For the first time in my life, I locked the keys in the car. Worse, it was borrowed. All the movie tricks with wire hangers came into my mind, but none seemed like they’d work. I was stuck.
Stuck an hour away from home. With two of my kids, picking them up from camp. One eager dorm leader suggested we break the back window. It would be cheap and easy to fix, he said. He’d do it right now with his fist. Seemed like the only way out at the time.
But then one after another, God brought solutions.
There was a spare key back in Cairo, but in the apartment of our friends who let us borrow the car. I called my wife, who was at Bible study in the international church offices.
She quick asked a friend, who coincidentally was right then going to that apartment to take the house sitter to the beach for the weekend.
My wife got a ride over, and got the key. Fifteen minutes later and we would have been lost.
Back at the campsite, another father overheard the dilemma and offered us a ride home.
Once there, spare key in hand, our whole family piled into the Uber. I had planned to take the two girls to the near-to-camp expansive mall to hear about their experience. Now, we could all go, and experience their joy all at once.
And this week, Uber even offered a 30 percent discount.
An hour later we unlocked the car. Several hours later, we came home exhausted.
It could have been a disaster. But one small coincidence after the other had the handprint of God, making the day even better than we expected.
It also came with a valuable lesson to discuss with the kids: All things work together for good, to those who love God. Let’s not complain, but wait expectantly.
I believe this.
But don’t you think it is also a little crass and self-serving? One day later marked the four-year anniversary of several hundred protestors killed, as their sit-in camp was cleared by authorities.
Our nation borders a territory that is hemmed in on all sides, an open-air prison. One nation over is torn by civil war and terrorism.
Yet God arranged quick access to a spare key, so I could get home more conveniently. So I could take my whole family to a food court.
That’s a different lesson to share with the kids, isn’t it? Believe me, I tried. Their eager celebration of God’s goodness shifted into sullen confusion. Death and destruction can do that to a dinner conversation.
We talked through the possibilities. A Syrian refugee opened our favorite ice cream shop across the street, and is doing great business. God did well to work that out for good, right?
Our good, absolutely. Best and cheapest ice cream in town. But I’m sure he’d rather be back home.
The Syrians are Muslims, was one possibility. Maybe God worked things out for us because we’re Christians?
Perhaps there is some fidelity there to the verse above. But a good number of those Syrians are Christians, too. One kid shot it down more broadly. God would want to do good to everyone.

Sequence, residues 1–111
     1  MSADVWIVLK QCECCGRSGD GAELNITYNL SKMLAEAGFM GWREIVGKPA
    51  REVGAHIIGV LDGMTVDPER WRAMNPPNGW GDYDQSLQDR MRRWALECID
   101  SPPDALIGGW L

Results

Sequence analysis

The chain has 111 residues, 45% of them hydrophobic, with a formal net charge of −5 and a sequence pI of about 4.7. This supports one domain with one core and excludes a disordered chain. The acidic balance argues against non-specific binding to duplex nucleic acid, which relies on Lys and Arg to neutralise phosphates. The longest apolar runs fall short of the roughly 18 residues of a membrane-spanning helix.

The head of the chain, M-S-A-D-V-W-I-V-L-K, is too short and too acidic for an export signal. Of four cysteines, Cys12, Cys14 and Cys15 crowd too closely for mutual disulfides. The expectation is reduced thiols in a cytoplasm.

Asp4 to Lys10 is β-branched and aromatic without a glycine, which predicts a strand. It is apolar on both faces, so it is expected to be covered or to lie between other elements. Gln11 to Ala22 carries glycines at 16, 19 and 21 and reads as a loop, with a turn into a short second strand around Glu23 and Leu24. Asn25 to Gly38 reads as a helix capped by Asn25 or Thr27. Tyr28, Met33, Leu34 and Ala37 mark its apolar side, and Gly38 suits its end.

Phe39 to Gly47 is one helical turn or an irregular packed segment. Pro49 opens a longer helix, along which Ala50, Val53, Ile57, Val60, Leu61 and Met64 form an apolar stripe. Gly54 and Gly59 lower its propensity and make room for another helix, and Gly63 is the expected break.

Maybe that’s it? There are bad people in the world, destroying God’s good? Certainly, but is God’s good coming? It’s hard to see, and a long time in coming.
One child recalled the Israelites in the wilderness. Already in a tough situation, God sent snakes to kill many when they grumbled. Sometimes disaster is discipline, even punishment.
True, but hardly satisfying when we consider the tragedies of another.
Sullen, and glum. There are no easy answers.
There are things we don’t understand, I told them. Even more so, Jesus foretold difficulties for those who follow him. He was not saved from the cross, and this should not be forgotten in the hope of ‘all things good’.
God has given different promises to those who suffer. He is with them in the middle of it. Many have said their fellowship with him has been closest during the harshest times of trial.
And we must not forget, in heaven, one day, all will be good. The resolution is coming.
Until then, we have a choice.
Was the car key episode simply a series of well-timed coincidences? Yeah, maybe.
Or was it the loving hand of a personal God upon his wayward creation and adopted son?
Which would you rather?
We do not need to extrapolate the universe to find his favor in the little things. But neither should we believe the universe revolves around us.
There is blessing, and there is suffering. In faith we hold that both work out for good, even when we cannot see it.
It is not my place to find the good in Syria. That is up to the Syrians. It is up to God. I can help as I am able, but I dare not interpret.
Sometimes lessons are simpler for children than adults; I don’t think this is one of them. But best they hear them now, I think, than struggle with them later. There is mystery in our faith, and it cannot be avoided forever.
But likely, a child will take it to heart much more readily than we will.
If this is the good from a neglected car key, it is sufficient. Far better than a ride home and a family night out.
But thank you, God, for those little things also. For us.
And, take care of the Syrians. Amen.